Bimodal steelhead run distribution for upper Columbia tribs

Discussion in 'Steelhead' started by Lex, Sep 26, 2013.

  1. Lex

    Lex Active Member

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    Anyone care to comment on the two peaks of steelhead pushing through? Look at the Preist Rapids counts / graph to illustrate my point. This is called a bimodal distribution and appears to be a consistent phenomenon over the last two years. Interesting thing is that it doesn't pan out over the ten year average. My guess is water temerature of the Columbia and it's tribs.

    Any other insights? SalmoG? Smalma?
     
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  2. Bob Triggs

    Bob Triggs Your Preferred Olympic Peninsula Fly Fishing Guide

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    Links would help here.
     
  3. Derek Day

    Derek Day Rockyday

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    I would guess temps. Last year actually fits the bimodal distribution better, this year more closely tracks the pattern for the 10 year ave. But, I have seen bimodal run peaks (redd counts) that were unlikely a result of temp variations.

    [​IMG]
     
  4. tkww

    tkww Member

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    I don't know about dam counts, but it seems that with just about any Columbia/Snake trib there is a two-pronged influx--an early push and then a later, much bigger push. I've heard/seen this anecdotally. Of course the hard part is not knowing what it means or becomes of it. If the majority of wild fish push into and spawn Jan-March/April, what is wild fish doing there in Oct? Is it going to wait for 3-4 months? Spawn earlier? From another system and will eventually drop back out and continue on? The one thing I will say is that from an evolutionary standpoint, having the fish spawn at different times definitely lowers/spreads out the risk (flooding, etc.).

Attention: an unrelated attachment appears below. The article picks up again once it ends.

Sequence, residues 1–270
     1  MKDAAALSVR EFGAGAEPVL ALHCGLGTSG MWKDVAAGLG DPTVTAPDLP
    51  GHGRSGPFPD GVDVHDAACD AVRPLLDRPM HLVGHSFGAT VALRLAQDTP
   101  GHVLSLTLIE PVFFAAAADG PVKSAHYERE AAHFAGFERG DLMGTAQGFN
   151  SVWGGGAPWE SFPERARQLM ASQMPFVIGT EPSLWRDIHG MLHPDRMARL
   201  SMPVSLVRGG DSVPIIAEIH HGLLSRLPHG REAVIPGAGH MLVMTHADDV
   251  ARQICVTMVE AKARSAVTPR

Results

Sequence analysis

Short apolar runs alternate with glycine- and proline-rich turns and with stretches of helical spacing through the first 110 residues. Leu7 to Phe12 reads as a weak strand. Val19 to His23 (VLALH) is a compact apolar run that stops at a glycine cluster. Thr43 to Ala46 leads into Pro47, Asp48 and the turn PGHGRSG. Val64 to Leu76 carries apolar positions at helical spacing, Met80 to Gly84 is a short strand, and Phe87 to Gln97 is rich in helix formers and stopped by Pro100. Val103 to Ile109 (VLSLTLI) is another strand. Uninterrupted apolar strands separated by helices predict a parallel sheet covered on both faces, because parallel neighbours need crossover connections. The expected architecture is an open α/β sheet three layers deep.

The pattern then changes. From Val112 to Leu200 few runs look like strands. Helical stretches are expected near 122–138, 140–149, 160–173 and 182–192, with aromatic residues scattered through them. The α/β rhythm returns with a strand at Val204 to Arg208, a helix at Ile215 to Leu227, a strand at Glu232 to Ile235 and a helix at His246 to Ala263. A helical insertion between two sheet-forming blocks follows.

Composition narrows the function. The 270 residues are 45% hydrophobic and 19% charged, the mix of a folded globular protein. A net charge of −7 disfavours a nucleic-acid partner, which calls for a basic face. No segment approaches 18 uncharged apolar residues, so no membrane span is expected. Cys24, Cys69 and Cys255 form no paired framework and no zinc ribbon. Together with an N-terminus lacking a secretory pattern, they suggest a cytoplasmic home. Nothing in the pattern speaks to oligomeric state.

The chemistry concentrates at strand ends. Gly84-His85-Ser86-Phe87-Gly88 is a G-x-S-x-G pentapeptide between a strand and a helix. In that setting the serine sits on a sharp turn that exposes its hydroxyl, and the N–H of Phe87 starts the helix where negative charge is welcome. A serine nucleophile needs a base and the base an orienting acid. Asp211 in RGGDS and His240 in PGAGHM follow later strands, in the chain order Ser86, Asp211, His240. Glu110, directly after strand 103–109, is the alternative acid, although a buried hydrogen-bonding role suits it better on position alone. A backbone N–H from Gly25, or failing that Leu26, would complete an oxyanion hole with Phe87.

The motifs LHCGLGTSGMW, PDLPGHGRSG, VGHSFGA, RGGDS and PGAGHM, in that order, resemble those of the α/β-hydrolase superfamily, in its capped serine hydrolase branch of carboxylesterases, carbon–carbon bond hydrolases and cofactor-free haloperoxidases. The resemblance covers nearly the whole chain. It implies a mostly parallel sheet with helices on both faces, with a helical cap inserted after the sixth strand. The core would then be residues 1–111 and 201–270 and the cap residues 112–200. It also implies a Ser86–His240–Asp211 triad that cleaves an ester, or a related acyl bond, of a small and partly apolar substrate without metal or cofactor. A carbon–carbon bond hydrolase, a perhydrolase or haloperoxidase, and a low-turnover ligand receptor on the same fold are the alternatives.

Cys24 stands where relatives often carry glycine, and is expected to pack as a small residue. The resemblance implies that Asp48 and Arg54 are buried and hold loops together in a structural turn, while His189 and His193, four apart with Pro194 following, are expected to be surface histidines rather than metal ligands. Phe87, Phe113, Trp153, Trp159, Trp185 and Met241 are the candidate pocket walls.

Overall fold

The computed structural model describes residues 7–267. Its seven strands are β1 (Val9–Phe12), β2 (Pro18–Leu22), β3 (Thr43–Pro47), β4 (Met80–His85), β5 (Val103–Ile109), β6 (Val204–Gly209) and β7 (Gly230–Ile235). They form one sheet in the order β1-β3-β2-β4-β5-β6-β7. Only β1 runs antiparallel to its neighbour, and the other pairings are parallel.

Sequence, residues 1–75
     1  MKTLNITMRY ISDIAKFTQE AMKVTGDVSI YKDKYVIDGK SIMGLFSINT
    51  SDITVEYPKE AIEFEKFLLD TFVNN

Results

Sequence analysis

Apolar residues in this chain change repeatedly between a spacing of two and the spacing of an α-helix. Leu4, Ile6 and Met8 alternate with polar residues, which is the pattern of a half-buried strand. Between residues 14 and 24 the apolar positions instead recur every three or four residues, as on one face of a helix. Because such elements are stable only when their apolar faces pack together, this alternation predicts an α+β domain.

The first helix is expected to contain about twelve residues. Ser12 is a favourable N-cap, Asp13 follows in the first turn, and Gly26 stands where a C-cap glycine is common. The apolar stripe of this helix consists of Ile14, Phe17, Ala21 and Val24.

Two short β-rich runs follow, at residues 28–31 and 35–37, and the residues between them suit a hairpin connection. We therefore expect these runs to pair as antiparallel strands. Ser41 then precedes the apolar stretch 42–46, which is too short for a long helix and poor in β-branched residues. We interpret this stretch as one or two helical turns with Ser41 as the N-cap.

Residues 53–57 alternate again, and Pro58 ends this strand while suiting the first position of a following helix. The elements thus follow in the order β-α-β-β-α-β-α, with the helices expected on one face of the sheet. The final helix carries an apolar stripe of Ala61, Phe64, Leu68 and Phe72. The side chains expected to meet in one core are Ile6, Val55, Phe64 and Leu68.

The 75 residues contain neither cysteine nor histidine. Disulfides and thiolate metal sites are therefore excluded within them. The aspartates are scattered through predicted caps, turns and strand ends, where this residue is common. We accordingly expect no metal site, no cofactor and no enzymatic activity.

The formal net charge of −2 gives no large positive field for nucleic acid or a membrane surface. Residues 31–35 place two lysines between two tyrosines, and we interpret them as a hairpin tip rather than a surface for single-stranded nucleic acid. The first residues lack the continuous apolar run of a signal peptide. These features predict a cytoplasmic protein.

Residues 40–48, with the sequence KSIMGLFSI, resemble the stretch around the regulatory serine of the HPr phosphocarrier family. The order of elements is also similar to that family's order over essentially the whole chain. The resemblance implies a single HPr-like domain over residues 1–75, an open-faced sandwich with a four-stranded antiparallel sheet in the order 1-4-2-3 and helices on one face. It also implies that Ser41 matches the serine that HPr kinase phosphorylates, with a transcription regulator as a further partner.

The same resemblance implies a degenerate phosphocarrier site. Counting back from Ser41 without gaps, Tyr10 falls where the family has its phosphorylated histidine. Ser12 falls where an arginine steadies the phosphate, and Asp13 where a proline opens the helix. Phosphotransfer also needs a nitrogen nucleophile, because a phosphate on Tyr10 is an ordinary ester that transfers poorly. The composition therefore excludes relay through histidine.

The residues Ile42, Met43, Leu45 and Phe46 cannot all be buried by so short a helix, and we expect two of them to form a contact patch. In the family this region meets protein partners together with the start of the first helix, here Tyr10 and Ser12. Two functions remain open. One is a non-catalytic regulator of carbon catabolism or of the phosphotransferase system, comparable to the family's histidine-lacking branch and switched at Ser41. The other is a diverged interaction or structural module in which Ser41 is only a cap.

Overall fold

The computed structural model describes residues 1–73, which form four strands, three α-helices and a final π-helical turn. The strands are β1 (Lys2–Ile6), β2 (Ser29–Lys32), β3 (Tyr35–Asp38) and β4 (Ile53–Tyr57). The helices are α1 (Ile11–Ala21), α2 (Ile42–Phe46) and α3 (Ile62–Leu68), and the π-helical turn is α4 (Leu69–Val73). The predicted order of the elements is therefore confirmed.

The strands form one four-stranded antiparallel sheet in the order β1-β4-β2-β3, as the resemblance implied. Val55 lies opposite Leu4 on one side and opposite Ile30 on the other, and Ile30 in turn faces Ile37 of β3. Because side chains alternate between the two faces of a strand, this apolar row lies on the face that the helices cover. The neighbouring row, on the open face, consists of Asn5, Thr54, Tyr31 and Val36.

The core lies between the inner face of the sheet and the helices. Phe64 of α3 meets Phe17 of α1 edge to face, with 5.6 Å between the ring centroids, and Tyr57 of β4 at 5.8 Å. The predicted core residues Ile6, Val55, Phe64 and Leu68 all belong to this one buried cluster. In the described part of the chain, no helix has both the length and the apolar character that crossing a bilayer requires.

5. Kaiserman

    Kaiserman Phil 4:11-13

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    Not to over think it, but those spikes happened when we got those flash floods.

    Depending on how far downriver the dam is from the actual rain that fell, it lines up with the timing of the surge of water - which would change the temps I'm sure temporarily.
     
  6. Freestone

    Freestone Not to be confused with freestoneangler

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    The lifecycle that you describes above is a winter run steelhead. They become sexually mature in the ocean and enter freshwater ready to spawn and therefore spend only a brief time hanging around (comparatively speaking).

    The Columbia system only has summer run steelhead, that is, fish that enter the freshwater from early summer through fall. Summer runs are sexually immature when they enter the freshwater and will 'ripen' in the fresh water. However, they spawn at the same time as the winter run fish that are found in coastal and Puget Sound rivers. So yes, these steelhead hang out in the freshwater - not for 3-4 months - but for up to ~9 months before spawning in the spring, after the season closes March 31. They are genetically engineered, so to speak, to swim long distances in the freshwater and be able to hang out and live there waiting for spring.
     
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